Throughout the book he acquired or taps into a phenomenal ability to put himself into other characters shoes, giving him empathy if not always total clarity. We also found that we were mentally reminding ourselves to take into account his age. This chapter he is 11 years; in this one he turns 12 years. Aside from being interesting in its own right, it also grounded the plot within set time frames. Though there were few Yippee moments within this book – we couldn’t help whooping with delight when he retained his golf shoes!

Throughout the book, there is a continuing running motif of light breaking through. In a book that is full of harsh realities, the effect caused by this is just magical. This made so much sense in terms of being set in the land of the rising sun, but additionally makes for the characters involved, especially with regards to the end of the war – something that we – the reader – knew was inevitable but which the characters had no guarantees that they would see.

A book that we would whole heartedly recommend to established readers of all sorts of tastes. We loved the writing, the characters and found the way the plot was handled to be uplifting and powerful. An excellent read – do pick it up if you get a chance.

Other books mentioned:
Primo Levi
The boy in the striped pyjamas.

TV mentioned:
Band of Brothers
The Pacific


I know right? Thats the average score. The AVERAGE. 

Trailer to the 1987 film. Also excellent. 

For further details, please email me at leedsbookclub@gmail.com or tweet me @LeedsBookClub!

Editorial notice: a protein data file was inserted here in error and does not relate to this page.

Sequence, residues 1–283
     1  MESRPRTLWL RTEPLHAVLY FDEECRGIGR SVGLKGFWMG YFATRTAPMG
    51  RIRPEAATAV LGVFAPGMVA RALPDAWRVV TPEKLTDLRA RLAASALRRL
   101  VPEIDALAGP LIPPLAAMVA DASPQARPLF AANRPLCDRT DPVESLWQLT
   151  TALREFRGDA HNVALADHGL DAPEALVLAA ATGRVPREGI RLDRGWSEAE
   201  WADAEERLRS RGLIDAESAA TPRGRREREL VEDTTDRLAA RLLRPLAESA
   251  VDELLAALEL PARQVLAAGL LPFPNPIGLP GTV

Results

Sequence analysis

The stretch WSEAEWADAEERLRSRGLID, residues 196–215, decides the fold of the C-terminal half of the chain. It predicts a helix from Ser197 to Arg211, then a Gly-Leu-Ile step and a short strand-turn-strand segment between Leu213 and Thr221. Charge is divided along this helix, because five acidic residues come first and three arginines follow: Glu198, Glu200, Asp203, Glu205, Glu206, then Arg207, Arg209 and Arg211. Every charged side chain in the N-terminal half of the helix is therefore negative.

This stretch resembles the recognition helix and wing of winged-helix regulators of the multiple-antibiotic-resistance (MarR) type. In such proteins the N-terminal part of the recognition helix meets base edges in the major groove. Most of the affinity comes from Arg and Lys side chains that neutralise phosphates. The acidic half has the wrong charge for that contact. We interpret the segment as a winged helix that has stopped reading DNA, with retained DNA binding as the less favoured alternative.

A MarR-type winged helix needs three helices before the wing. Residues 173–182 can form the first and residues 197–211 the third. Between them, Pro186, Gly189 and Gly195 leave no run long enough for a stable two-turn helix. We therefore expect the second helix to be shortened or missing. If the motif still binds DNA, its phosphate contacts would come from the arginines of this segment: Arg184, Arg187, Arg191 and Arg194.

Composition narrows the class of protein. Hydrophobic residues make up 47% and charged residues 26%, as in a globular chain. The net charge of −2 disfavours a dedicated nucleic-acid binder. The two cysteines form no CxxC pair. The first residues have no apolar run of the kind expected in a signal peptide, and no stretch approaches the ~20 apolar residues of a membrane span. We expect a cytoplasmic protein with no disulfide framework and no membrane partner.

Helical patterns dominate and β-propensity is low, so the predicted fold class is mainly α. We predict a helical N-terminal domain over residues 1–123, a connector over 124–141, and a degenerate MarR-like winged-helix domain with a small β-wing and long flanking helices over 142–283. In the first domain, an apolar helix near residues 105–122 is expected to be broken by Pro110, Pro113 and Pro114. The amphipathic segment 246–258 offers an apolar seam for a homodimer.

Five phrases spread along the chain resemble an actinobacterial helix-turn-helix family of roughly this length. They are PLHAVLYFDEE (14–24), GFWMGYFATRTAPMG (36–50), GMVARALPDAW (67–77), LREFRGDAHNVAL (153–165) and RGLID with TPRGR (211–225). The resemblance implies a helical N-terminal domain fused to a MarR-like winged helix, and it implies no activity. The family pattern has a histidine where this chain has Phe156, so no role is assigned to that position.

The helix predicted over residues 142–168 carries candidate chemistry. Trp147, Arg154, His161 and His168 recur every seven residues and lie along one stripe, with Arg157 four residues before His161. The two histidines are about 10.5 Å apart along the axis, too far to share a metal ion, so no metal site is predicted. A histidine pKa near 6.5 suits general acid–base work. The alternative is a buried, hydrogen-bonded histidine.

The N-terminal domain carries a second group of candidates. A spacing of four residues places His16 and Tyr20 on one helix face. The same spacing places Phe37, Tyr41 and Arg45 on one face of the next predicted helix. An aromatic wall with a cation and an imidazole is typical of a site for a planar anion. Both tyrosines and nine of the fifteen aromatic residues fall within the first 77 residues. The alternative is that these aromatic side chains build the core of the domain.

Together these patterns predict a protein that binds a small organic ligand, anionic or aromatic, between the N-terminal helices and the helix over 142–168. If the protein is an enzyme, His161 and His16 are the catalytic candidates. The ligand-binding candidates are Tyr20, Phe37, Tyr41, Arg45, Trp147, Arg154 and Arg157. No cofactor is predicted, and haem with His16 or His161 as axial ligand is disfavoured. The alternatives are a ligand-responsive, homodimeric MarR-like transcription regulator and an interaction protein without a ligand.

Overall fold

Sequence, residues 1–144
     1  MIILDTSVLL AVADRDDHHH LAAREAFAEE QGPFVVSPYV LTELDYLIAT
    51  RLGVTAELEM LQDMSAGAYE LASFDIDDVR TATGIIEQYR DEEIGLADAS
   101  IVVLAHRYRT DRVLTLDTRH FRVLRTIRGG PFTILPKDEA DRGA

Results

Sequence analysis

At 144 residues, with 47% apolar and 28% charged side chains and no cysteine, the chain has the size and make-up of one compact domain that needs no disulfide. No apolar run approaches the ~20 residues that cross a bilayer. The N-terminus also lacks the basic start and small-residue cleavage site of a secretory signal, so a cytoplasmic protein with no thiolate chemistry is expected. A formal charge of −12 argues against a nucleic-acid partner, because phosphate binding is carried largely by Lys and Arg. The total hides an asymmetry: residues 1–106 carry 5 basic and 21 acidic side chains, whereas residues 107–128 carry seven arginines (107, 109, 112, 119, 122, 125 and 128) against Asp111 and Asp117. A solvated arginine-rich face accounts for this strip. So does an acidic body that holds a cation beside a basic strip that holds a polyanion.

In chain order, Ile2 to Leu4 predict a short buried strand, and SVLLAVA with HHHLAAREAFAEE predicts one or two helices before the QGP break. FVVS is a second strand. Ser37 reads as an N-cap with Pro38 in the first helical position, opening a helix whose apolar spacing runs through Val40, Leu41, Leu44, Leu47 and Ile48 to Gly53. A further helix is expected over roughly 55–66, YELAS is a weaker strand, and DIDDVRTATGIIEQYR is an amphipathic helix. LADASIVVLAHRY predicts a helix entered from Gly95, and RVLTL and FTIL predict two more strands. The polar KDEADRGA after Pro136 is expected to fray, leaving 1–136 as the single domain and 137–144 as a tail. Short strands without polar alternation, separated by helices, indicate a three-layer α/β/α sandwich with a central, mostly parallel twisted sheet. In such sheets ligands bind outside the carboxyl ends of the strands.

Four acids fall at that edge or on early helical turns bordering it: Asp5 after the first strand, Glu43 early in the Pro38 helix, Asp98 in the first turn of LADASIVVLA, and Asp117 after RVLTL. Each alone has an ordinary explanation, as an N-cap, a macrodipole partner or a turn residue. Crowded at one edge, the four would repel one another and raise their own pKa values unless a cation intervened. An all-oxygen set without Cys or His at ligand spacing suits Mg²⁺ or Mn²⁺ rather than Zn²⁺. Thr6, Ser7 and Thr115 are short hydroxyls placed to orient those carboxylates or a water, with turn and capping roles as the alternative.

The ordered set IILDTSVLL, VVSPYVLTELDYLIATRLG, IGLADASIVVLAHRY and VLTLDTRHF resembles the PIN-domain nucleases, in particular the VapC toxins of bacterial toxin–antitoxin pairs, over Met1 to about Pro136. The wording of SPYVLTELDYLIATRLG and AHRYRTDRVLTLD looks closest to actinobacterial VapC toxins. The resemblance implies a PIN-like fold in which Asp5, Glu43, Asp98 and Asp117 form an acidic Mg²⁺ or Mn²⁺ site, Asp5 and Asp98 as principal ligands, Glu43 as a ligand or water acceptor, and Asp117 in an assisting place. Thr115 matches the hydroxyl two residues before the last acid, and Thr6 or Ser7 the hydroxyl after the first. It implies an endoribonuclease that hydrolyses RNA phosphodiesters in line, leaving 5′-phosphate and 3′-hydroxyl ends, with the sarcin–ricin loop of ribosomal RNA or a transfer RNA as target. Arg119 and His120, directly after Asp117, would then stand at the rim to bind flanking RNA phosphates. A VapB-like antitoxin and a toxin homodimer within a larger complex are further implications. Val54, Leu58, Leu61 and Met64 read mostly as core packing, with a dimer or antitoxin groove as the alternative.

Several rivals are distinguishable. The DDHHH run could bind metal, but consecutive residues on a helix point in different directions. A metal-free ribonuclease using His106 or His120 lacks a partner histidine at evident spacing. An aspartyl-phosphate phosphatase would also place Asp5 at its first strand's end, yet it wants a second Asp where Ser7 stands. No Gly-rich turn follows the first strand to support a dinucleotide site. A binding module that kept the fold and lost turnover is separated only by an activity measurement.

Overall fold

Contact the bar on @MedusaBar

And feel free to let us know your thoughts using #MedusaLBC!

* * * * * 
2012 - MedusaLBC

14 - Mar - Started Early, Took My Dog - Kate Atkinson
13 - Feb - The Black House - Peter May - Postphoned
12 - Jan - The Great Gatsby - F Scott Fitzgerald - GUEST

11 - Nov - Empire of the Sun - JG Ballard
10 - Oct - Cloud Atlas - David Mitchell (not *that* one)
09 - Sep - Before I go to sleep - S.J. Watson
08 - Aug - 9 Lives - Clive Rusher
07 - Jul - Sense of an Ending - Julian Barnes
06 - Jun - A Prayer for Owen Meany - John Irving - GUEST
05 - May - The Life of Pi - Yann Martel
04 - Apr - Diary of a Nobody - George Grossmith 
03 - Mar - We need to talk about Kevin - Lionel Shriver
01 - Jan - Ragnarok - AS Byatt
An exciting new project! - Medusa LeedsBookClub

* * * * *
Book Club - Table of Contents

* * * * *

Monday, 26 November 2012

Christmas Read-a-Long - Week 6

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The Wind in the Willows

BLURB from Amazon
When Kenneth Grahame first entertained his son with letters about a petulant character named Toad, he had no way of knowing that his creation—together with his friends Mole, Rat, and Badger—would delight children for nearly 100 years. 
Here they are once more, pursuing adventure in gypsy caravans, stolen sportscars, and prison, but always returning to their beloved Wildwood. And although Grahame’s characters are unmistakably animals, they remain endearingly human in their eccentricity, folly, and friendship.

FREE eBooks!
Amazon:               THE WIND IN THE WILLOWS
iTunes:               THE WIND IN THE WILLOWS
Project Gutenberg:    THE WIND IN THE WILLOWS

FREE Audiobooks!
LibriVox:             THE WIND IN THE WILLOWS

I'll be sending out regular updates regarding what chapters and when, but for those of you who like to be organised in advance - 

03/12/2012 - Chapter 11 - 'Like summer tempests came his tears'
10/12/2012 - Chapter 12 - The return of Ulysses

Giraffe LBC - Brave New World Write Up - GUEST

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#Giraffe LBC

Date:  Tuesday 20th of November 2012
Time:  6pm - 8pm
Address: 6 Greek Street, Leeds, LS1 5RW
Tel: (0113) 244 1500



* * * * * SPOILERS * * * * *
* * * * * SPOILERS * * * * *
* * * * * SPOILERS * * * * *